Fourty percent of Turks consider mob boss Peker’s revelations important

Close to 40 percent of Turks consider allegations by convicted crime boss, linking government officials to organised crime, as important, but an almost equal amount remain unaware of the claims, according to a new survey by Istanbul Economics Research (IEA).

The IEA survey found that 39 percent of Turks consider mobster Sedat Peker’s allegations against President Recep Tayyip Erdoğan’s ruling party important, Bianet news site reported on Monday.

The survey showed that 24 percent of Turks believed Peker’s claim to be true and another 15 percent considered them important, but impossible to verify. 

An almost equal number of Turks who answered the survey, 38 percent, said that they were unaware of the allegations being made by Peker. Slightly over 11 percent said they personally did not watch the videos but were aware of them through the media.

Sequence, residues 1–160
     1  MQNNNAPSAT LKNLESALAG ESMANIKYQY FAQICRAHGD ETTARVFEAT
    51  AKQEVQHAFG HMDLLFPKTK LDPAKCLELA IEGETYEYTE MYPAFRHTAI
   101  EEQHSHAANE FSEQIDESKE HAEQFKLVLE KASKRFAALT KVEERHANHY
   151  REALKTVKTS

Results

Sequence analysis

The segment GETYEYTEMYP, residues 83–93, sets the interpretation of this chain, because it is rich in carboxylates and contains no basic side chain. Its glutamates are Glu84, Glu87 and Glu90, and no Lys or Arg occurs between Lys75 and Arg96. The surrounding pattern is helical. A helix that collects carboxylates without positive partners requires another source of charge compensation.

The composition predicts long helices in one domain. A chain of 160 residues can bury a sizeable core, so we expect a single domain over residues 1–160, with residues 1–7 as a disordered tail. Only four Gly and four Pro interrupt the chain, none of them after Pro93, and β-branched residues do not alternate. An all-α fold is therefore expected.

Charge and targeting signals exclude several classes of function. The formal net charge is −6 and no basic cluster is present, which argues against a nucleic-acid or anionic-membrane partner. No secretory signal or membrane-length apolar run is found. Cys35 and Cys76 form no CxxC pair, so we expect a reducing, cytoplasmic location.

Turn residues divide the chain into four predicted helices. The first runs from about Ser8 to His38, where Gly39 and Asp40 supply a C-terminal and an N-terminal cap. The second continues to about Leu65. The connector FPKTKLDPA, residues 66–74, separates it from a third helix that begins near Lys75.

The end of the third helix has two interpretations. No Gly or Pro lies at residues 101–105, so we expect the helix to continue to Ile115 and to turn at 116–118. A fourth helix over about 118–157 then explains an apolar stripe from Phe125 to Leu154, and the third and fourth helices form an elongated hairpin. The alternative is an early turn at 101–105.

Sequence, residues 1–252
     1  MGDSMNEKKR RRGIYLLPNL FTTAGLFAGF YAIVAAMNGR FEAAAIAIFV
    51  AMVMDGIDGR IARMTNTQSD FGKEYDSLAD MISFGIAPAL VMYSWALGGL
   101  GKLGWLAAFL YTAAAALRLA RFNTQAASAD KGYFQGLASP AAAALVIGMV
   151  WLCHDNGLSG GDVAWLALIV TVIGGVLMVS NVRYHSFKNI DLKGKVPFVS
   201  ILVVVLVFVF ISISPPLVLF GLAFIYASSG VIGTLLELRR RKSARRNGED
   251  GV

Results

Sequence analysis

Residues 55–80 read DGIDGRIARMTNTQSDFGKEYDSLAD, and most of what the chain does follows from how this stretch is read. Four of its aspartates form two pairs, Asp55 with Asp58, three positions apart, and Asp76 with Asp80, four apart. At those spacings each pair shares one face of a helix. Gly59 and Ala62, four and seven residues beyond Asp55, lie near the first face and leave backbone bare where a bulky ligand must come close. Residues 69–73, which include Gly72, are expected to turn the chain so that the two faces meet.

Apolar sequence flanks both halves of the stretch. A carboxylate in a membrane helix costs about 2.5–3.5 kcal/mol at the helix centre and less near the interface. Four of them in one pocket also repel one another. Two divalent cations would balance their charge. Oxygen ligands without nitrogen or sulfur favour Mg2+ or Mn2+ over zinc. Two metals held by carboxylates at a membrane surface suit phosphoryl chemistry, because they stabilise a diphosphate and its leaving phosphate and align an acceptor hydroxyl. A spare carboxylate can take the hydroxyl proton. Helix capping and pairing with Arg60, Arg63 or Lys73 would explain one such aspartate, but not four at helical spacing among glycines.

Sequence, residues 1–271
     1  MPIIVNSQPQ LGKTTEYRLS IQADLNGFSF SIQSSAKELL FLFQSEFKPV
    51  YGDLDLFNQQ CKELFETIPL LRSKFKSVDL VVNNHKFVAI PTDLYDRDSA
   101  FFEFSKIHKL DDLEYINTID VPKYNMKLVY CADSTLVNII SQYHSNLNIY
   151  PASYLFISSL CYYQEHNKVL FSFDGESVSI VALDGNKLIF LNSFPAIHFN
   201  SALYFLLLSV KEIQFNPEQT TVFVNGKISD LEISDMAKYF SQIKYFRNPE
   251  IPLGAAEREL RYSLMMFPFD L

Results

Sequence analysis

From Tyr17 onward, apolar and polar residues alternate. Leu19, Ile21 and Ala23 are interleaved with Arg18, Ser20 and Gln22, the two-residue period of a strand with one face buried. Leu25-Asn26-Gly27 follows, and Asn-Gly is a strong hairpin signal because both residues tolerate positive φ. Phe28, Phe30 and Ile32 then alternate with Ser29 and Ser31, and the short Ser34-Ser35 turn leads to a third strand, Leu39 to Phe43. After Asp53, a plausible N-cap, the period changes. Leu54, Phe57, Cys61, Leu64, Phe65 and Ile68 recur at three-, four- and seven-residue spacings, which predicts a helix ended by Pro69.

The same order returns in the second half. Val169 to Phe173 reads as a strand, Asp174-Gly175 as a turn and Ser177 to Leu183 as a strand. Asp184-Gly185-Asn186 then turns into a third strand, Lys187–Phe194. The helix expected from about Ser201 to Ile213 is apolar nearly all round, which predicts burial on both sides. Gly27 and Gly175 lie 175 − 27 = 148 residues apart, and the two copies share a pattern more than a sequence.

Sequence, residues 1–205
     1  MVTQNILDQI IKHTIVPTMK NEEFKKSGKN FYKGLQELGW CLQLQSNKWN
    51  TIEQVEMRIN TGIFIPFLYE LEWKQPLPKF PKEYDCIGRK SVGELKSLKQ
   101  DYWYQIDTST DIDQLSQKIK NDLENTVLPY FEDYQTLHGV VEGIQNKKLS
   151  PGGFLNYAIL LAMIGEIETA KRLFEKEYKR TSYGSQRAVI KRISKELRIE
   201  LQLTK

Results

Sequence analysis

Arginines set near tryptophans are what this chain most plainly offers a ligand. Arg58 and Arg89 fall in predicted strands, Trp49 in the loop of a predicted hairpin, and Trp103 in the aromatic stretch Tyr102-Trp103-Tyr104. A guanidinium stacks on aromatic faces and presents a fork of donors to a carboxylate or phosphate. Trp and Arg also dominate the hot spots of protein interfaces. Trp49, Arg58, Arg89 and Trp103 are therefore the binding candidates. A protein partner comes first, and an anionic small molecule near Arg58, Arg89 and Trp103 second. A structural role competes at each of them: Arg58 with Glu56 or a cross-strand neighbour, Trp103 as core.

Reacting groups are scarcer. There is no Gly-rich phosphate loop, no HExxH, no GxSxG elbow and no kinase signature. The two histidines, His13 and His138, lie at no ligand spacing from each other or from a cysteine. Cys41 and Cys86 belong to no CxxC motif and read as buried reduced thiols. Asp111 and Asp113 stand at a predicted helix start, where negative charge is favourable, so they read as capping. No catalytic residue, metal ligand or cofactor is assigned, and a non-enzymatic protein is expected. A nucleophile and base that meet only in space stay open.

Peker has been making shocking accusations against a number of high ranking officials within the ruling Justice and Development Party (AKP), including Interior Minister Suleyman Soylu and one of his predecessors Mehmet Agar. Since he began posting on May 2, Peker’s videos have attracted close to 50 million views on Youtube. 

The mobster, a supporter of the AKP before fleeing Turkey last year, has accused government officials of involvement in international drug trafficking, political assassinations in the 1990s, and attacks on newspapers among other offenses.

Peker's videos have not been blocked by the government, but the largely pro-state media has only focused on the response of those who are accused by Peker of wrongdoing. 

IEA's survey also included a question to gauge Turks’ views of the “deep state”, or a shadowy network of powerful figures operating independently of the state. It found that 57 percent of those asked whether a deep state exists said “yes”. Twenty three percent responded “no” and another 20 percent said they did not know. 

Asked whether a deep state should exist, 59 percent said “no”, 29 percent said “yes” and 16 percent said they did not know. 

IEA’s pollster also found that there was a correlation between belief in the existence in the deep state and trusting Peker. It found that those who did not believe the deep state should exist were more likely to believe Peker’s claims about crimes committed by government officials.
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